In June 2015, however, this legal situation was overturned when the Supreme Court

handed down judgment in the case of Obergefell v Hodges. The case involved the 27

parties to a series of disputes in different states where either homosexual couples had not

been able to obtain marriage licences, or where their pseudo-marriages in other states had

not been recognised by state authorities. In brief, a majority of the court interpreted the

Due Process and Equal Protection clauses of the Constitution (the Fourteenth

Amendment) to require states to admit same-sex couples to the married state. Dissenting

26 Cestesimus annus, 1 May 1991, 44

576 U.S. _ (2015) 27

justices criticised the decision on the grounds the methodology, showing in learned written

opinions that such an innovation could not properly arise from the Fourteenth Amendment.

Another significant criticism is that the decision suffered from democratic deficit, since it

effectively overrode the democratic will of the peoples of the states whose law was

arbitrarily changed. I have insufficient time here to do justice to those arguments, important

and interesting as they are. What I was to focus on now is the reasoning which lay behind

the majority’s decision that there is a right to marry a person of the same sex as oneself.

The opinion of the majority was delivered by Kennedy J, and it contains three main

arguments as to why the parties to a marriage may be two men or two women. First,

Kennedy J argued that “the right to personal choice regarding marriage is inherent in the

concept of individual autonomy”. The phrase “individual autonomy” ought to ring alarm 28

bells with us if we are familiar with the writings of Saint John Paul II, who consistently

preferred to talk about the dignity and freedom of the human person. As soon as we start

to talk about individuals we lose any sense of the dignity of the person deriving from his or

her nature, and as soon as we talk about autonomy, we set aside the responsibility which

comes with freedom. Second, Kennedy J argued that the attributes of mutual love and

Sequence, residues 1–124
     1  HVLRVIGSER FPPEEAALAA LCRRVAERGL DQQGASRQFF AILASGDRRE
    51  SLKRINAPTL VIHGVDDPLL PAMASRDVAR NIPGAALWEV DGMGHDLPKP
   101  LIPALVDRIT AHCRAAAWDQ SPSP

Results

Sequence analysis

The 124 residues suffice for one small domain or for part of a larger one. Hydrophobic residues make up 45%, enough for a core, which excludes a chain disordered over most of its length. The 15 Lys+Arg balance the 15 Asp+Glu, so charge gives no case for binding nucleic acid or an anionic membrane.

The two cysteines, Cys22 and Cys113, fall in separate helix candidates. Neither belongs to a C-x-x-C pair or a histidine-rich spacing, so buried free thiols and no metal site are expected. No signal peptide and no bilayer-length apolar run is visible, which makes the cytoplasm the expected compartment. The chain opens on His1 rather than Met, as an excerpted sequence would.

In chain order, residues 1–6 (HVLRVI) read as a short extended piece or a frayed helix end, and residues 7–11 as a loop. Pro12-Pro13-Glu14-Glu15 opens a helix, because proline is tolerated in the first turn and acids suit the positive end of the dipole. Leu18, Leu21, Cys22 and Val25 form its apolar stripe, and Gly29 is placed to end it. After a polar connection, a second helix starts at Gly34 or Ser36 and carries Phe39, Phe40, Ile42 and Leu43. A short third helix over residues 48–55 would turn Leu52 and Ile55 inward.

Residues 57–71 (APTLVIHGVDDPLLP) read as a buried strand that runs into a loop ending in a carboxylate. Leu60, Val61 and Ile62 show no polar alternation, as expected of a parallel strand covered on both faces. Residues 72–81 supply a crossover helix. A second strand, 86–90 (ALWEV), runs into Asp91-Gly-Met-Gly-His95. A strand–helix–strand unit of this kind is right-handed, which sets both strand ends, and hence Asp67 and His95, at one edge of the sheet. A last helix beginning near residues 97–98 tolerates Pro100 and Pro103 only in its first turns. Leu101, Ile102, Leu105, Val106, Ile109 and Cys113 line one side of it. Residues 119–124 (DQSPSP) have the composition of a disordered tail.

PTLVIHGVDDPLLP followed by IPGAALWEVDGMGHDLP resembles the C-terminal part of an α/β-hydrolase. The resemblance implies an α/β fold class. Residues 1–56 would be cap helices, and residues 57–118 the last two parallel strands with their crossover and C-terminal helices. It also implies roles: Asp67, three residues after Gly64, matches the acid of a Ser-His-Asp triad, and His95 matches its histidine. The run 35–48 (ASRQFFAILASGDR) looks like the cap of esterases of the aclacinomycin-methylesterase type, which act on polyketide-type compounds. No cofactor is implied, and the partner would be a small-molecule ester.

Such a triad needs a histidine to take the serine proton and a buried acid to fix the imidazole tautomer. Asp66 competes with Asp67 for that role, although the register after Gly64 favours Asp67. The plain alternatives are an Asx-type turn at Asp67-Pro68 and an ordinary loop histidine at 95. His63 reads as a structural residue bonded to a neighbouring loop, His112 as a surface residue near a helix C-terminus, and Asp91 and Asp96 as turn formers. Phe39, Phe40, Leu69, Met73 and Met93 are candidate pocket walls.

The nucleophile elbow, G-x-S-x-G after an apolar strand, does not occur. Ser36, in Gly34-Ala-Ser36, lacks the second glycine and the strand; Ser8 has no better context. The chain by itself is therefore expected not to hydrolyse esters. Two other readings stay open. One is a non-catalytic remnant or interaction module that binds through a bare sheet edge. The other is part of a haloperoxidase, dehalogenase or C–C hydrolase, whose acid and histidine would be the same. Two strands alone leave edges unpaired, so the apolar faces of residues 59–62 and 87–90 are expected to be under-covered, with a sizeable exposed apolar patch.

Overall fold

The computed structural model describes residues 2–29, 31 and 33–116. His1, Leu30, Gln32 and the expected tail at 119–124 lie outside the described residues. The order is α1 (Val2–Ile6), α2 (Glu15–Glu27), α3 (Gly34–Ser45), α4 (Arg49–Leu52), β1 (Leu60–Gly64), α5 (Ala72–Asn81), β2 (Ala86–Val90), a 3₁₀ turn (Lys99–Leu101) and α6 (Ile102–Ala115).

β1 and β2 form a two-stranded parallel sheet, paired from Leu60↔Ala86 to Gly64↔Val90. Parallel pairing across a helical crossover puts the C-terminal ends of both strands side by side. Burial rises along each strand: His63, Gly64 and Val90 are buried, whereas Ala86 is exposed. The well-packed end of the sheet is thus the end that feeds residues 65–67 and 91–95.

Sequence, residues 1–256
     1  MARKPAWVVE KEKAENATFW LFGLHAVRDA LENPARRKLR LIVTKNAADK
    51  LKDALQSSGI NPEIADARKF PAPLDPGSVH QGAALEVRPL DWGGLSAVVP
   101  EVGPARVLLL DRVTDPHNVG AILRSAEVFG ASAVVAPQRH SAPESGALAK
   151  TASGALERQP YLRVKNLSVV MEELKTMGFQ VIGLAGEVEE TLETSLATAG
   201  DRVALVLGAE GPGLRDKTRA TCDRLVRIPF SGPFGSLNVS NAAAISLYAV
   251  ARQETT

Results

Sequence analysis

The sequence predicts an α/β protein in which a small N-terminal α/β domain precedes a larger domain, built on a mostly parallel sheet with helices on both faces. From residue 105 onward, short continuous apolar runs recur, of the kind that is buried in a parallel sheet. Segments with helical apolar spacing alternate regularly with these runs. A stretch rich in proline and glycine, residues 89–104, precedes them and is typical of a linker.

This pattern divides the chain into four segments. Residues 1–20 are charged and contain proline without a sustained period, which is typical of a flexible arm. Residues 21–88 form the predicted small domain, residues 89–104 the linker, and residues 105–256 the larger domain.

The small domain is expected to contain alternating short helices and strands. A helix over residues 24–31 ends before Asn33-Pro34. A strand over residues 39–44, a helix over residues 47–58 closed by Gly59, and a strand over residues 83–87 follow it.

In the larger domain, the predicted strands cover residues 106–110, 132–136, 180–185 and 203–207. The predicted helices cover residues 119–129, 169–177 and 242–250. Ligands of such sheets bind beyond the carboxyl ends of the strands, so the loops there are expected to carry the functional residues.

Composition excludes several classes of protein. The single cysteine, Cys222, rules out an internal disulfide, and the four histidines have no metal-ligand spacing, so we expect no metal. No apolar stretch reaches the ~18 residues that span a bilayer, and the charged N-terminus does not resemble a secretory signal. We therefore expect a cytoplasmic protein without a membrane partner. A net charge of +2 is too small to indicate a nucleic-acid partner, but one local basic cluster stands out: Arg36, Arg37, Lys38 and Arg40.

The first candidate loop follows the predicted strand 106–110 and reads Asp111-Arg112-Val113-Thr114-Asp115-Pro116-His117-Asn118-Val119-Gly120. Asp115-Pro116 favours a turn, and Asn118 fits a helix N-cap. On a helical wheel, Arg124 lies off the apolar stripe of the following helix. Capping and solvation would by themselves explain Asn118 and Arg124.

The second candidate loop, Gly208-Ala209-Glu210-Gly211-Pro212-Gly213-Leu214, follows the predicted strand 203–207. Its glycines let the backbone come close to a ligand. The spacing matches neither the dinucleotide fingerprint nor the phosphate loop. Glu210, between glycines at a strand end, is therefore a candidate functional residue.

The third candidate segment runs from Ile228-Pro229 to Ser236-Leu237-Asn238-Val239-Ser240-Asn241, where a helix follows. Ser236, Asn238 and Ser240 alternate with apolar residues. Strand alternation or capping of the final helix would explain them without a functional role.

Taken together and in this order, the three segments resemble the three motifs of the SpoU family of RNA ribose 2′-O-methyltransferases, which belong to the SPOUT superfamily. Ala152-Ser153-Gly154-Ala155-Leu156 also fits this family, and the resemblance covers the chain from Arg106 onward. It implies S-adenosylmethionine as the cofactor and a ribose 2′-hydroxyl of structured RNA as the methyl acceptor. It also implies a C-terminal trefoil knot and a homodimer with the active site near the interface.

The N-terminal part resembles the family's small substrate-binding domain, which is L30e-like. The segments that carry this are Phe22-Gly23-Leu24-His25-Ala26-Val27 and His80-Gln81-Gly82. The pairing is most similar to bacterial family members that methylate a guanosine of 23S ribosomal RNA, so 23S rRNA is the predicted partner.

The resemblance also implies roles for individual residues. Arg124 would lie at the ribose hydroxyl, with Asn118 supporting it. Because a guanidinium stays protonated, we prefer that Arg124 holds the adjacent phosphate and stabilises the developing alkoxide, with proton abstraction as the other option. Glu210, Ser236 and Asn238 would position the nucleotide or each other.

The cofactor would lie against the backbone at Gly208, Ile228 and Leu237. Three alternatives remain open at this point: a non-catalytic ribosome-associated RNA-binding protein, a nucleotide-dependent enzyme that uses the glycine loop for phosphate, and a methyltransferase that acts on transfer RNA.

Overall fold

commitment which characterise marriage may be found in relationships between people of

the same sex as well as of opposite sexes, so that “same-sex couples, too, may aspire to

the transcendent purposes of marriage and seek fulfilment in its highest meaning.”

Whether this is right or wrong depends very much on what we consider to be the 29

transcendent purposes of marriage. Thirdly, Kennedy J advanced an argument from equal

treatment, namely that, because “the right to marry is a fundamental right inherent in the

liberty of the person”, it would “diminish [the] personhood” of homosexuals “to deny them 30

this right”. Here, the majority at least began to address the issue in terms of personal 31

freedom rather than individual liberty: the question becomes one of whether their logic

works: were the plaintiffs really deprived of the right to marry, and were they really seeking


 Kennedy J, Obergefell v Hodges, 576 U.S._(2015) 12 (USSC) 28

29 Kennedy J, 17

30 Kennedy J, 22

31 Kennedy J, 19

If I may say so, I think that the intellectual heavyweights of the Supreme Court were on the

dissenting side. The leading dissenting opinion was delivered by Chief Justice Roberts,

while the other dissenters were Justices Clarence Thomas, Saul Alito, and the late Antonin

Scalia, who died earlier this year. Roberts CJ’s opinion is particularly helpful in proposing

answers to Kennedy J’s objections.

First, then, Kennedy J argued that marriage between two men or two women should be

lawful effectively because they want it: “marriage is desirable and the petitioners desire

it”, so to refuse offends their human dignity. The problem is that this way of arguing 32

confuses what the persons concerned subjectively desire with what is naturally desirable.

Saint Thomas teaches that that which is naturally desirable is necessarily the proper object

of the human will in the same way that the sum of the angles of a triangle is necessarily

180 degrees. Something is naturally desirable because it is connected to the final end of 33

happiness, yet that connection must be known to the intellect before the naturally desirable

object can command the adherence of the will. So the fact that a particular person’s will 34

desires a particular contingent object is, on its own, no guarantee that to obtain that object

accords with the person’s innate dignity. Further, as Roberts CJ pointed out in his opinion,

the inane dignity of the human person cannot be affected by the decision of the state to

grant or withhold a particular object: “The government cannot bestow dignity, and it cannot

take it away.” The reason for this is that the innate dignity of the human person lies in the 35

freedom to choose the good in any given situation, rather than in the quality of the specific

choices available to be made.

Secondly, I have already said that whether we accept Kennedy’s argument that same-sex

couples may aspire to the “transcendent purposes of marriage” depends on what that

phrase means. It seems evident to me that for the majority of the Supreme Court it